Gov. Scott Walker offered a change to his budget plan this week to Republican leaders feuding over how to pay for road projects in an effort to break a 20-day impasse, but it’s unclear if it’s enough to get both houses back to the negotiating table.
“There’s no deal yet. That’s for sure,” Senate Majority Leader Scott Fitzgerald, R-Juneau, said Thursday after he relayed to his members the governor’s offer to use $200 million slated for tax cuts for road projects instead, drawing down bonding levels.
But Walker’s offer did win support from Assembly Speaker Robin Vos, R-Rochester, and Assembly Republicans, who in letters to Walker and Senate Republicans on Thursday said they accepted the governor’s proposal and want to resume work on the 2017-19 state budget as early as next week.
“The proposal that you outlined yesterday is a positive step forward in our desire to find a long-term solution and we believe the leadership that you have displayed has bridged the gap between our two houses,” Assembly Republicans wrote Thursday.
Walker’s offer came as lawmakers Thursday wondered if a possible state incentive package for technology giant Foxconn would affect budget deliberations.
Assembly Republicans have been fiercely against Walker’s and Senate Republicans’ proposals to borrow millions in the 2017-19 state budget without increasing revenue sources to pay for the projects. Senate Republicans put forward their own budget proposal this week that included $712 million in new bonding for roads.
But Senate Republicans aren’t yet ready to say they’re on board. Fitzgerald told reporters he’s still not clear what the details are of Walker’s offer, and that Vos also this week floated the idea of taxing electric vehicles to bring in new revenue for road projects — an idea that should be discussed further.
Walker told reporters in Sturtevant on Thursday that he hopes Senate Republicans will come back with a “reasonable adjustment” to the offer, according to audio provided by Walker’s office.
Walker’s offer eliminates a $203 million tax cut that would instead be used to reduce or completely wipe out all new transportation bonding in the 2017-19 state budget, the governor told reporters.
“I hope we’re getting close,” Walker said. “Part of my role as a leader not just in my party but over all the state is to listen and try to figure out how to bring different interests together.”
Fitzgerald said he doesn’t yet know if he has enough votes to pass a new state budget. He said his members still want to do more to move toward eliminating the personal property tax in Wisconsin and some have concerns about other issues that need to be addressed including the budget’s structural deficit and spending out of the state’s general fund.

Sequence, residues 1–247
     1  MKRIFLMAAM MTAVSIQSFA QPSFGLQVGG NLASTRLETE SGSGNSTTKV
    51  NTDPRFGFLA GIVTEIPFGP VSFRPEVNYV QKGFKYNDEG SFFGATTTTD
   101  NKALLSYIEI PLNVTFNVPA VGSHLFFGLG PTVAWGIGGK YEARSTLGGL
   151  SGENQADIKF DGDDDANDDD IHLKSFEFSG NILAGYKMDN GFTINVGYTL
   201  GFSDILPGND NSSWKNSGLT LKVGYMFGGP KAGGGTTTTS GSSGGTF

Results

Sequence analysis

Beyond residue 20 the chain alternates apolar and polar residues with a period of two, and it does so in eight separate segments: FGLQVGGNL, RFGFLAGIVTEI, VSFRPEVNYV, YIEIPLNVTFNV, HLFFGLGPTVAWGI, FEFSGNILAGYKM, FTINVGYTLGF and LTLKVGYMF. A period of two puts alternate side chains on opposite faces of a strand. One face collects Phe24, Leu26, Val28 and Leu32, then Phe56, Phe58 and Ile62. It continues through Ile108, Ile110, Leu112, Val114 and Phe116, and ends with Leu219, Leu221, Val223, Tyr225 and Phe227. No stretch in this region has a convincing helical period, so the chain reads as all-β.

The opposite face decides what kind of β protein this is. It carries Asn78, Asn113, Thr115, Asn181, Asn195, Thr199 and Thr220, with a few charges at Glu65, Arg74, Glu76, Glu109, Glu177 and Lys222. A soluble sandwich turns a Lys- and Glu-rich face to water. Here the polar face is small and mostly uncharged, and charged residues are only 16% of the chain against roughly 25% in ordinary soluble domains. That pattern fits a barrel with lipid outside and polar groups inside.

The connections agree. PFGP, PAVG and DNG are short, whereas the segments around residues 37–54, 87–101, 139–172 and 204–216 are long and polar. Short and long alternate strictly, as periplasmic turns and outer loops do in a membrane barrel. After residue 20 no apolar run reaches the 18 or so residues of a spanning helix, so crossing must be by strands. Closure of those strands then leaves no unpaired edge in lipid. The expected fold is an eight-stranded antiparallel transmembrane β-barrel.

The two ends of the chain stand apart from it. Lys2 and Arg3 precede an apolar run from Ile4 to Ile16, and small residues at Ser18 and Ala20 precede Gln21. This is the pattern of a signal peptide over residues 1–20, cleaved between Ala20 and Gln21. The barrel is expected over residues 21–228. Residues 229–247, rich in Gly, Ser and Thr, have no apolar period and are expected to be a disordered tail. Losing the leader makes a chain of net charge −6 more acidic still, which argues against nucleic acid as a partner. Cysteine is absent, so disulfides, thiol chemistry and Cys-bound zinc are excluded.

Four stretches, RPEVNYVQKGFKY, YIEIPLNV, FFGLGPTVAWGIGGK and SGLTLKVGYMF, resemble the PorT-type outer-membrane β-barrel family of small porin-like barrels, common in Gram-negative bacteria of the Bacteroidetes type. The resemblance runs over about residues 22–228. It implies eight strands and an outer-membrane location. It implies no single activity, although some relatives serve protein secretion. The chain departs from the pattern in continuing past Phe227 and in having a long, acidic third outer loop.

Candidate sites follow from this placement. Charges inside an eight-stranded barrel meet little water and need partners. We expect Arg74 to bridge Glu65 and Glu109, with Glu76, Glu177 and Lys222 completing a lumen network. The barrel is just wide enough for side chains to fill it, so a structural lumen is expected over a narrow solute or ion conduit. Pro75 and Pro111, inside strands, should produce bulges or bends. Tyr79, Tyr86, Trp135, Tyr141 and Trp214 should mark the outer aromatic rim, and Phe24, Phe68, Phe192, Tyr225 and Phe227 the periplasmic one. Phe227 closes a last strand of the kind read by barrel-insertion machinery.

The Legislature’s budget-writing committee hasn’t met since June 15, and Fitzgerald said meeting next week — as Assembly Republicans have asked — may be too aggressive, but the committee could meet the first week of August.
He also said his members have a lot of questions about state officials’ and lawmakers’ work on crafting an incentives package to lure giant Taiwanese iPhone manufacturer Foxconn to Wisconsin, and whether that effort affects the current state budget.
“A lot of members want to talk about how the Foxconn thing folds into this and I (said) I don’t have have any information. I know they’re working on a (memorandum of understanding) but we don’t have anything yet so I said just kind of keep an open mind on that,” Fitzgerald said. “I still believe, and I think most of the members agree with me, that it should be a separate bill from the budget and I don’t think there has to be any linkage necessarily to this budget in any way other than if there is a transportation issue on the (I-94) north-south and somehow that could be folded in.”
If lawmakers settle on an incentive package, it won’t be in the new budget, but moves to help fund the package could be part of current budget negotiations, Rep. John Nygren, R-Marinette, said in an interview with the Wisconsin State Journal.
“Foxconn is part of the long-term conversations about the budget,” said Nygren, co-chairman of the Legislature’s budget committee.
He said the potential incentive package is “not directly” affecting passage of a new state budget, which was due July 1, but he said lawmakers are considering how any incentive package could affect future budgets.
Nygren agreed that any incentive package for Foxconn would be contained in separate legislation.
Foxconn employs about 1 million people to assembly iPhones and smartphones for BlackBerry and Sony.
The company is considering building a $7 billion U.S. plant that could employ as many as 10,000 people to build display panels. Foxconn officials also are looking at building in Illinois, Indiana, Michigan, Ohio, Pennsylvania and Texas.
Fitzgerald told The Associated Press, which first reported about the incentives package, that lawmakers are talking about “huge, big numbers” to offer to Foxconn officials.
Fitzgerald’s spokeswoman Myranda Tanck said that while Fitzgerald was aware of efforts to bring Foxconn to Wisconsin, “all negotiations with the company are being conducted with the administration and have not significantly included legislators.”
Walker hosted a barbecue last week at his executive mansion in Maple Bluff with lawmakers and Foxconn founder and chairman Terry Gou.